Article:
For my next camera profile, I thought I should talk about the camera that got me into film photography in the first place, the Olympus 35RC. I initially considered film when I was looking for a very pocketable camera to complement my DSLR. All the digital options sacrificed too much quality compared to my DSLR set up that I felt that I wouldn't have been happy with them. However, there were many compact cameras made that used 35mm film, and having seen many nice black and white film shots, I decided to investigate this option some more.

My first stop was the excellent Cameraquest page on compact 35mm rangefinders. Many of these caught my eye (and some still do, such as an Olympus RD or a Canonet QL17), but the one that stood out was the Olympus 35RC, for reasons I'll discuss below. Luckily, KEH at the time had one in decent condition for a good price, so I didn't have to hunt on eBay.

35RC Outside 1
35RC Outside 1; Canon 30D, Canon 200mm f/2.8L

Unlike previous profiles on this site, I won't list all the stats of the 35RC. Instead, here are several good reference pages/reviews:

35RC Outside 2
35RC Outside 2; Canon 30D, Canon 200mm f/2.8L, Canon 430EX

Now, my impressions. First the positives:

  1. The lens. Very compact 5 element Olympus lens, very very sharp, even wide open, and great when stopped down.

  2. The size. This was the inital attraction for me. The camera easily fits in a jacket pocket, or can be carried with one hand.

  3. The features. Full manual control as well as shutter priority AE with a meter; bulb shutter speed; hot shoe, and many more (see the pages above for a full list). Despite the wonderfully small size, it offers basically all the features I want in a camera.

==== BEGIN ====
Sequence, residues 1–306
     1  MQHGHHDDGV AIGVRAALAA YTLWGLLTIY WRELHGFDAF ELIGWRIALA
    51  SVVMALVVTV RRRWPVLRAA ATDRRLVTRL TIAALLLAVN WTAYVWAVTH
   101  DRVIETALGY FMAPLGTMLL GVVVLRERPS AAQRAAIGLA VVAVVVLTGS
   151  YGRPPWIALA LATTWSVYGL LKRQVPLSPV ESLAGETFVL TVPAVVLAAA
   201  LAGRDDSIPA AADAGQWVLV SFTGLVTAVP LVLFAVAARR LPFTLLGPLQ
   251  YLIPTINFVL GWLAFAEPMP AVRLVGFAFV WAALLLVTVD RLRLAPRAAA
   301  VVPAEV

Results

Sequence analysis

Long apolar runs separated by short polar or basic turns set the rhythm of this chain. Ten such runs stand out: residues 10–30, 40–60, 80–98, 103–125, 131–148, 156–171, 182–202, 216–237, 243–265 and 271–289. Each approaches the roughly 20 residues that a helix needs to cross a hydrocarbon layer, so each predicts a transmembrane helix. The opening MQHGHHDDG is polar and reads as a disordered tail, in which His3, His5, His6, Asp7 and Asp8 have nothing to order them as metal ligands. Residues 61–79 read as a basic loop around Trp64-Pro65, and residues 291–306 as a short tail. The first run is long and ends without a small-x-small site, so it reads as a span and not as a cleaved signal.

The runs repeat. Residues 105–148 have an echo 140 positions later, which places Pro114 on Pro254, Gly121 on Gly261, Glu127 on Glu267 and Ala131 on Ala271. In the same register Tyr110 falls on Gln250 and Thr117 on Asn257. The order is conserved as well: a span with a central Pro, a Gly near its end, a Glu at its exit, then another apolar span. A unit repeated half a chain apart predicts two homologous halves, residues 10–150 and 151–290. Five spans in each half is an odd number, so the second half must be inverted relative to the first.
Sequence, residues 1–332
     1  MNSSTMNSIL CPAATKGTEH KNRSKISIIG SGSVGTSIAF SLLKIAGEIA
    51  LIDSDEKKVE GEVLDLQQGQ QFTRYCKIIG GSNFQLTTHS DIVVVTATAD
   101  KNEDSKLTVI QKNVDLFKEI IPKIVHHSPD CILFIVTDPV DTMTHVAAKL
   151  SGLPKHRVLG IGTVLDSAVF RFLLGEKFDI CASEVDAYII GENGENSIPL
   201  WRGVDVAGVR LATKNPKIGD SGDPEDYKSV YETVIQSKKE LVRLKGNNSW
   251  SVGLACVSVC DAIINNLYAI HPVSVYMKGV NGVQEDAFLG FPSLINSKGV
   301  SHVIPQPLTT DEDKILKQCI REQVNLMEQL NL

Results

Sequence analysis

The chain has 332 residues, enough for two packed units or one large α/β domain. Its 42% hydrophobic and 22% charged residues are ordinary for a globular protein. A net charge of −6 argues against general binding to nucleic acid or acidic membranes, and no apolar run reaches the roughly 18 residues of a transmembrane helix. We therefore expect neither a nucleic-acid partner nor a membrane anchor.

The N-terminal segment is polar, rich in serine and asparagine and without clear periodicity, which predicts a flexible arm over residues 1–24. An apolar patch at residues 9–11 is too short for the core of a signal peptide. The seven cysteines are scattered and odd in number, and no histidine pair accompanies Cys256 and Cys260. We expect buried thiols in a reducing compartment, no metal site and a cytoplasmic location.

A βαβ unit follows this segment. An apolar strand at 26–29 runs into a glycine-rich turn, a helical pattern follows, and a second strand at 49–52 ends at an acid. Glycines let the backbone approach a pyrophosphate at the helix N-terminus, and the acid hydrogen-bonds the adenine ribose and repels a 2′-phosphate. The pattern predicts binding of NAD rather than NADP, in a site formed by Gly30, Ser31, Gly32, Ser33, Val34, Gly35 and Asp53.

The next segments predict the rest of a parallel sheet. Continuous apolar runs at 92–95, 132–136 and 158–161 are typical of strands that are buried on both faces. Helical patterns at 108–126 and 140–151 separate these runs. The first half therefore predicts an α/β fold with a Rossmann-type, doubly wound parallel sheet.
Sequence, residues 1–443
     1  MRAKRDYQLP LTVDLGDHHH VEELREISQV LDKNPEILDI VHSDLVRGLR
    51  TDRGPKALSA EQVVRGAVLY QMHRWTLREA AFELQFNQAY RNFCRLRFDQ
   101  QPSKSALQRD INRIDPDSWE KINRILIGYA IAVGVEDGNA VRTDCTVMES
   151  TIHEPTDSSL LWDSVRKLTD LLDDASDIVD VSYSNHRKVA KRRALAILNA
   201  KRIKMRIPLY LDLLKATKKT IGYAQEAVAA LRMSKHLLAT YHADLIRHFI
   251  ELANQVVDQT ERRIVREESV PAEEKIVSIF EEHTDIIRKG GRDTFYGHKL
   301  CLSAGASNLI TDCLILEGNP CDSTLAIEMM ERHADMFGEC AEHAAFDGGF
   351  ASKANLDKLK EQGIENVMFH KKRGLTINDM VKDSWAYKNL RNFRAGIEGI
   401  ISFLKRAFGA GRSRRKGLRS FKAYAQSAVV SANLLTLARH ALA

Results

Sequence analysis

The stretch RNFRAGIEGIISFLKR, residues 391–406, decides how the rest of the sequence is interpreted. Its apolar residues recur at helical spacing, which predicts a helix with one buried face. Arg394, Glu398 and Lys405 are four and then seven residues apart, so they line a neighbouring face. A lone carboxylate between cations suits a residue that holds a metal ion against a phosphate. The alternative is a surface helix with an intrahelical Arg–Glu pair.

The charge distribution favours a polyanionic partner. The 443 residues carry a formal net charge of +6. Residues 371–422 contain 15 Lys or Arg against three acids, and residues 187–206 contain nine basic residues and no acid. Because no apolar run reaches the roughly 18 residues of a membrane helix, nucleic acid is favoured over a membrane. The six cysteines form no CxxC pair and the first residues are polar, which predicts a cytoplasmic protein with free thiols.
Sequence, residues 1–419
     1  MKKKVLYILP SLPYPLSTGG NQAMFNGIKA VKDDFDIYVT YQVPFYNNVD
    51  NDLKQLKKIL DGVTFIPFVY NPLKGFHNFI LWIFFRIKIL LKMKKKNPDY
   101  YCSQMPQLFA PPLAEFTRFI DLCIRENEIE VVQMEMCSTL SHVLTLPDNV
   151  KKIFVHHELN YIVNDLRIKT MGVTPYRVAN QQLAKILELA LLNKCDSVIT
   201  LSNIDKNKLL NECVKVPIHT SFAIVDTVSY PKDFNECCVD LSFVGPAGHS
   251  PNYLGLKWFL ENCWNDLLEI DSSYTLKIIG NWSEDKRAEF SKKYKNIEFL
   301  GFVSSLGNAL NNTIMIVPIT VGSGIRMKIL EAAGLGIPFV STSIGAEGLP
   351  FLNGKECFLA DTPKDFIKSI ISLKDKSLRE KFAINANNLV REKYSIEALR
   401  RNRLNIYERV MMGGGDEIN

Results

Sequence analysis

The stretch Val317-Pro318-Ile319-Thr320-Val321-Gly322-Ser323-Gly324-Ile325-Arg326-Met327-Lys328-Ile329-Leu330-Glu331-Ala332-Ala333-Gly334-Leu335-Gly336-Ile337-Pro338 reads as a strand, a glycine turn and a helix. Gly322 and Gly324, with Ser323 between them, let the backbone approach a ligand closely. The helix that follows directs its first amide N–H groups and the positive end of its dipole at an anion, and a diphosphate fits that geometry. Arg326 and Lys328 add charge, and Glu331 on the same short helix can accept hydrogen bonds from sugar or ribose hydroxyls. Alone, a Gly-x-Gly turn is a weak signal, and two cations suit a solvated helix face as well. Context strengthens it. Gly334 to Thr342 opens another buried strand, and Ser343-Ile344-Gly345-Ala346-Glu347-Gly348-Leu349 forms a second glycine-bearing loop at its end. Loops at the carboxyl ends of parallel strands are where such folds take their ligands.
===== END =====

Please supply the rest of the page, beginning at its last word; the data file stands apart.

And the negatives:

  1. The lens. Despite the positives above, there are two negatives. First, it's only f/2.8, so it's not the best low light camera, although some 3200 speed film helps (but see below). Second, the minimum focus distance is not wonderful (3'), although this is a common flaw in this class of camera (the Olympus XA4 focuses down to 1', but it's scale focusing).

  2. The meter. It was designed for mercury batteries, and the max speed is only 800, so if you want to use film faster than that you'll need to carry a external meter (or guess).

  3. The size. More specifically, the size of the controls. It's very hard to adjust the aperture ring, especially if you have larger fingers.

35RC Outside 3
35RC Outside 3; Canon 30D, Canon 200mm f/2.8L, Canon 430EX

With all that out of the way, let me say this: I love this camera. It's my go-to film camera, great for taking out with friends, or taking out for street shooting, and it would be a great travel camera too. I'm very glad I got it, and will hopefully never get rid of it, just complement it with a faster-lensed but larger camera.

35RC & Luna Pro F
35RC & Luna Pro F; Canon 30D, Canon 200mm f/2.8L, Canon 430EX

Since I'd already taken the traditional "camera on white" shots of the 35RC when I first bought it, I decided to take some different shots of it for this post. All except the black and white were taken with flash, and I realized again how harsh hard flash is on old cameras; I wished I had some kind of portable diffusion solution.